Tree of Life” (Art Glass Window) Structure

Masterpiece: “Tree of Life” (Art Glass Window), 1904
by Frank Lloyd Wright for the Darwin D. Martin House
Keywords: Shape, Line, Repetition,
4th Grade
Light Screens
1.5 hour
This Frank Lloyd Wright Tree of Life art glass
pattern is found in several variations in Frank
Lloyd Wright's Darwin D. Martin House. The
four-panel variation shown is found on the
central landing of the Martin House stairway.
Meet the Artist (taken in part from
the Frank Lloyd Wright Foundation
 Frank Lloyd Wright was born in
Richland Center, Wisconsin, on
June 8, 1867, the son of William
Carey Wright, a preacher and a
musician, and Anna Lloyd Jones, a teacher whose large Welsh family had settled
the valley area near Spring Green, Wisconsin. His early childhood was nomadic as
his father traveled from one ministry position to another in Rhode Island, Iowa,
and Massachusetts, before settling in Madison, Wisconsin in 1878.
 Wright's parents divorced in 1885, making already difficult financial
circumstances even more challenging. To help support the family, eighteen-yearold Frank Lloyd Wright worked for the dean of the University of Wisconsin's
department of engineering while also studying at the university. But he wanted to
be an architect and in 1887 he left Madison for Chicago, where he found work
with two different firms before being hired by the prestigious partnership of
Adler and Sullivan, working directly under Louis Sullivan for six years.
 In 1889, at age twenty-two, Wright married Catherine Lee Tobin. Anxious to build
his own home, he negotiated a five-year contract with Sullivan in exchange for
the loan of the necessary money. He purchased a wooded corner lot in the Chicago
suburb of Oak Park and built his first house, a modest residence reminiscent of
the East Coast shingle style with its prominent roof gable, but reflecting Wright’s
ingenuity as he experimented with geometric shapes and volumes in the studio and
playroom he later added for his ever-growing family of six children. Remembered
by the children as a lively household, filled with beautiful things Wright found it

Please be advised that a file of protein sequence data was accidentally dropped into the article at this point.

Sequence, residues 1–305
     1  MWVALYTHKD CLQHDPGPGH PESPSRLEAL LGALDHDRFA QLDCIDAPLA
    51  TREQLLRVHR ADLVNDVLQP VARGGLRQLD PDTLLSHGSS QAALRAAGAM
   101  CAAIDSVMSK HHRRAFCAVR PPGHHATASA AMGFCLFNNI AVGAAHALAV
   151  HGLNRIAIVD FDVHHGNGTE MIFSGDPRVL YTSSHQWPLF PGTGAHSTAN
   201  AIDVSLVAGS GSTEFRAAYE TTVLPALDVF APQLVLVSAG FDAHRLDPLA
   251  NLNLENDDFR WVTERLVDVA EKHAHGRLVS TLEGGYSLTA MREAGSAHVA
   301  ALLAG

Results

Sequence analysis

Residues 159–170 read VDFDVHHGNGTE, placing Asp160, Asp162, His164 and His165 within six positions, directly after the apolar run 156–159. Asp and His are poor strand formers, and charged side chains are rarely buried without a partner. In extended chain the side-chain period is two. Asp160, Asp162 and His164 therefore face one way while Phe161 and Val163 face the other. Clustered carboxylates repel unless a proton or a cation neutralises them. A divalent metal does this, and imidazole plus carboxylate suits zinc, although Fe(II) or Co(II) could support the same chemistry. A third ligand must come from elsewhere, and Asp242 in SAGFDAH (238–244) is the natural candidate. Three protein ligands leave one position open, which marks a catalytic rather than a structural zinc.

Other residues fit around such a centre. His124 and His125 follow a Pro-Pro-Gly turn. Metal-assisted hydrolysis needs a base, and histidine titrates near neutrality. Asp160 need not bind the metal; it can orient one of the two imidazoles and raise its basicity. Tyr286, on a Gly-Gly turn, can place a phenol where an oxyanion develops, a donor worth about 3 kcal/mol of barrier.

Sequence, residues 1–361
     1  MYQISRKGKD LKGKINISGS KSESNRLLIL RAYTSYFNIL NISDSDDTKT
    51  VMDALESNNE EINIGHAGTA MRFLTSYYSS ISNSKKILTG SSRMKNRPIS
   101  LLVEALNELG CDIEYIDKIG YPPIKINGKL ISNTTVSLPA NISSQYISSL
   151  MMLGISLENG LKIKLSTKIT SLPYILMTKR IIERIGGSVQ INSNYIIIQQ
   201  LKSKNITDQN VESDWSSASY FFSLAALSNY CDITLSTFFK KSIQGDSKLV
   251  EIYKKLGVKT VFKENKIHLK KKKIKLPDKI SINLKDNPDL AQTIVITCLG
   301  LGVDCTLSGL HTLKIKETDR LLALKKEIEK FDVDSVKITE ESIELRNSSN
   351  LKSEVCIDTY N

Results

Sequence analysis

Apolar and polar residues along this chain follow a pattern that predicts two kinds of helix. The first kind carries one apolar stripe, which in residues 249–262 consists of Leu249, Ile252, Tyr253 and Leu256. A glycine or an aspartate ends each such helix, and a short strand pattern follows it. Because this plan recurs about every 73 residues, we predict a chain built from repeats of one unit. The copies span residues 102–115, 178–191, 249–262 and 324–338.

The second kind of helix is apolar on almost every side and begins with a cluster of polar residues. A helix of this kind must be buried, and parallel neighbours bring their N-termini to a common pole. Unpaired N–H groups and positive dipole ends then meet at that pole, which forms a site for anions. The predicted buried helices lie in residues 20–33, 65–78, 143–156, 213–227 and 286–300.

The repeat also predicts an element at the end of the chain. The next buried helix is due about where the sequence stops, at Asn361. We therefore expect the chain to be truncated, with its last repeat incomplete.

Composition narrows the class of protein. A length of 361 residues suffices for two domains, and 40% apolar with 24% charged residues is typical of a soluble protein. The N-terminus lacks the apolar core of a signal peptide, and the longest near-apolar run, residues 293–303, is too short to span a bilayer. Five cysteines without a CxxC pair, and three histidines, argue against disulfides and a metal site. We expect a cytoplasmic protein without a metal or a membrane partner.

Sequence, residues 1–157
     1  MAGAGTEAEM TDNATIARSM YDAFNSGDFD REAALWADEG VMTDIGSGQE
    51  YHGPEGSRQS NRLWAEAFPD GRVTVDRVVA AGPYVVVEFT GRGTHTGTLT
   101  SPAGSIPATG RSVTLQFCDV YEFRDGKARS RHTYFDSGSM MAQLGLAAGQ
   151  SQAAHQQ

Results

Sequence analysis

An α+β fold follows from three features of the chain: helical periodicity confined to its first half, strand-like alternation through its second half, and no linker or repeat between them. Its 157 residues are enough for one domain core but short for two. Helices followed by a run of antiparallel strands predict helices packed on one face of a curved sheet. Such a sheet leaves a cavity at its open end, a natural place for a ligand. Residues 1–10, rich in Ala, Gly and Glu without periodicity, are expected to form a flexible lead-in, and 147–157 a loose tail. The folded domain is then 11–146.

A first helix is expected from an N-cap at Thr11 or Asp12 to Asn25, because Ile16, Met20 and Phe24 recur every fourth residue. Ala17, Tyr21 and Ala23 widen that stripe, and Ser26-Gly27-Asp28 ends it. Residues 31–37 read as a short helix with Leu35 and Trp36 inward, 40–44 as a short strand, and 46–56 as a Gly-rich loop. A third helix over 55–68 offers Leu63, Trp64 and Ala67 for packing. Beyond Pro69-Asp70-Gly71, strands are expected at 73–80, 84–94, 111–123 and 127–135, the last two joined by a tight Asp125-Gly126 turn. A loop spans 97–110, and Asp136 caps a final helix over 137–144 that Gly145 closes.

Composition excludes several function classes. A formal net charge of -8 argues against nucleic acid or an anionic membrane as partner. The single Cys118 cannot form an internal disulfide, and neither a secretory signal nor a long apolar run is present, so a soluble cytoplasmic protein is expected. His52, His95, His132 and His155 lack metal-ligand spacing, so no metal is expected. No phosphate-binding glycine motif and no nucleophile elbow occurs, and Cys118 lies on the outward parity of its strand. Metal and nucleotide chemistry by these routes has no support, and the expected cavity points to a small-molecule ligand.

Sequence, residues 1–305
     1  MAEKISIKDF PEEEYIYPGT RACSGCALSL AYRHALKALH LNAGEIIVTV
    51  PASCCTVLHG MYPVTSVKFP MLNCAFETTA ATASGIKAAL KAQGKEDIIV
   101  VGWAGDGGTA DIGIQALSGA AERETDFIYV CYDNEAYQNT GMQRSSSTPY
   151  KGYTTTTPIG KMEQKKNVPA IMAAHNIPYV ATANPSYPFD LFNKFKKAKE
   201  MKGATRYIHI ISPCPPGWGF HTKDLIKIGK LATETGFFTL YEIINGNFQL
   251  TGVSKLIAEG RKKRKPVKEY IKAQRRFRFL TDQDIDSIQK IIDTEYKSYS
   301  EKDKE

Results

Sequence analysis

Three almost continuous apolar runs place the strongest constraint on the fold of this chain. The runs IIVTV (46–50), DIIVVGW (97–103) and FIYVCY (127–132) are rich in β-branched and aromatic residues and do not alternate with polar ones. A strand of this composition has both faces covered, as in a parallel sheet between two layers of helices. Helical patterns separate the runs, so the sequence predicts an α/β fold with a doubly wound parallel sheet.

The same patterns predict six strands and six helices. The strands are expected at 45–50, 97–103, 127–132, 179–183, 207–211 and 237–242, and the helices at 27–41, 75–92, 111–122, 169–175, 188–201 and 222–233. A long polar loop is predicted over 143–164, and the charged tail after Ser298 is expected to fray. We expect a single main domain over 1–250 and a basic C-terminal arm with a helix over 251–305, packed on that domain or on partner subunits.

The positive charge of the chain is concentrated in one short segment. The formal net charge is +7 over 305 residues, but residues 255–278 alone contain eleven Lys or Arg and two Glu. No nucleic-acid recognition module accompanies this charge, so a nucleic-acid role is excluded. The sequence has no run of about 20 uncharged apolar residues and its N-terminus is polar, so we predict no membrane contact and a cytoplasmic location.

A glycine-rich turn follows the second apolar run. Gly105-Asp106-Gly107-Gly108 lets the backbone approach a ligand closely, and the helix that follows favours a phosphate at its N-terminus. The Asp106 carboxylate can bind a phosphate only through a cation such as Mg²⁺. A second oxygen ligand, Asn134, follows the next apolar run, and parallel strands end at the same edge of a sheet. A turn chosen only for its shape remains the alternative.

hard to go without.
In 1893, Wright left Adler and Sullivan and opened his own architectural firm and
began his quest to design residential homes. Over the next 16 years, he set the
architectural standards for what became known as the Prairie style. Some of his
most important works of the time are the Darwin D. Martin house in Buffalo, New
York, among others. The window you are studying today is from the Martin house.
In 1911, Wright began construction on the first Taliesan near Spring Green,
Wisconsin which became his home, office and refuge.
The years between 1922 and 1934 were both architecturally creative and fiscally
catastrophic with many of his commissions not going into construction.
In 1928, Wright married Olga Lazovich (known as Olgivanna) and in 1932 founded
an architectural school at his beloved home of Taliesin. Unlike other architecture
schools, the “Taliesin Fellowship” was an apprenticeship program to provide a total
learning environment, integrating not only architecture and construction, but also
farming, gardening, cooking, and the study of nature, music, art and dance.
To escape the harsh winters in Wisconsin, in 1934, the Wrights and the
Fellowship rented space in Scottsdale, Arizona and in 1936, he acquired some
unwanted acreage of raw, rugged desert in the foothills of the McDowell
Mountains where he and the Taliesin Fellowship began the construction of Taliesin
West as a winter camp, a bold new endeavor for desert living where he tested
design innovations, structural ideas, and building details that responded to the
dramatic desert setting. Wright and the Fellowship established migration
patterns between Wisconsin and Arizona, which the Frank Lloyd Wright School of
Architecture continues to this day.
He was still actively involved with all aspects of work when, in April of 1959, he
was suddenly stricken by an illness which forced his hospitalization. He died April